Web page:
If you are in a registered domestic partnership or marriage with someone of the same sex, or a gay, lesbian, bi, or trans person separating from an opposite sex spouse, you might wonder if you can find an attorney who will understand your issues without judging. As a bisexual man myself, I know of this difficulty and so I practice as a LGBT friendly San Diego lawyer.
Do courts treat domestic partnerships similar to a marriage?
As far as courts are concerned, all the issues that courts look at when a married couple files for divorce are going to be issues when someone in a domestic partnership files for dissolution. This includes dividing community property, deciding if one partner owes partner support, who gets custody of the children, and whether anyone has to pay child support. Based on the recent Supreme Court decision in the DOMA case, it may make sense for you to consider getting married to your domestic partner.
But don’t judges sometimes have biases against same-sex relationships?
This is certainly an issue and in the past some judges have ruled based on their personal bias that it was not in the best interest of the child to spend time with a parent who is in a same-sex relationship. However, the Court of Appeal in California has made it clear that unless there is evidence of past abuse, a person’s sexual orientation is no good reason to deny custody. Hiring a gay-friendly San Diego attorney who has a personal history of dealing with biases in others based on his own same-sex relationship is a good way to ensure that these problems don’t become an issue in your case.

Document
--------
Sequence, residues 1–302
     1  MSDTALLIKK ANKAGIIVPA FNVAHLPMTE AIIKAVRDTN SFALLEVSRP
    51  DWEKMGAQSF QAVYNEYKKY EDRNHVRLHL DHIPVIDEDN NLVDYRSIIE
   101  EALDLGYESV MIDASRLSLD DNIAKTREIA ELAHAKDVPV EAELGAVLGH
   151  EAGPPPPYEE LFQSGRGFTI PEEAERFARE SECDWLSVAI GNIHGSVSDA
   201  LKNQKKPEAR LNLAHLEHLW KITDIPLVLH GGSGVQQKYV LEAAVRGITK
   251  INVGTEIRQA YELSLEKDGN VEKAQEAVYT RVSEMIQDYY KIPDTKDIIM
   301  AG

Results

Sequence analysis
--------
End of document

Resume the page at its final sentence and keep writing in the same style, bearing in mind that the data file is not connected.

Can you help me understand what The Supreme Court’s recent decisions mean?
On June 28th of 2013 The Supreme Court issued two decisions that have a huge impact on same-sex couples in California. The Prop 8 decision allowed same-sex couples to get married again in California. The DOMA decision requires the federal government to recognize same-sex married couples. For now, this does not include couples in domestic partnerships or civil unions. I discussed these two cases in depth in one of my Legally LGBT columns for Gay San Diego. If you want to know if it makes sense for you to get married if you are already in a domestic partnership, I am happy to meet with you to discuss your situation.
But what if we weren’t married or domestic partners?
Family courts only hear cases where the couple separating was married or in a domestic partnership. This is because the law has a framework for dealing with issues that arise when the relationship breaks down and ends up in court. If you never formalized your relationship with your partner, you are limited to filing a breach of contract claim in civil court. Untangling your finances from a long-time partner can be difficult but sadly the courts don’t have a clear process for handling this. I can help you work out a separation agreement if you are both willing to sit down and discuss everything. In a mediation session I try to let both of you express your emotions and financial needs so that you can both accept the agreement and move on with your lives.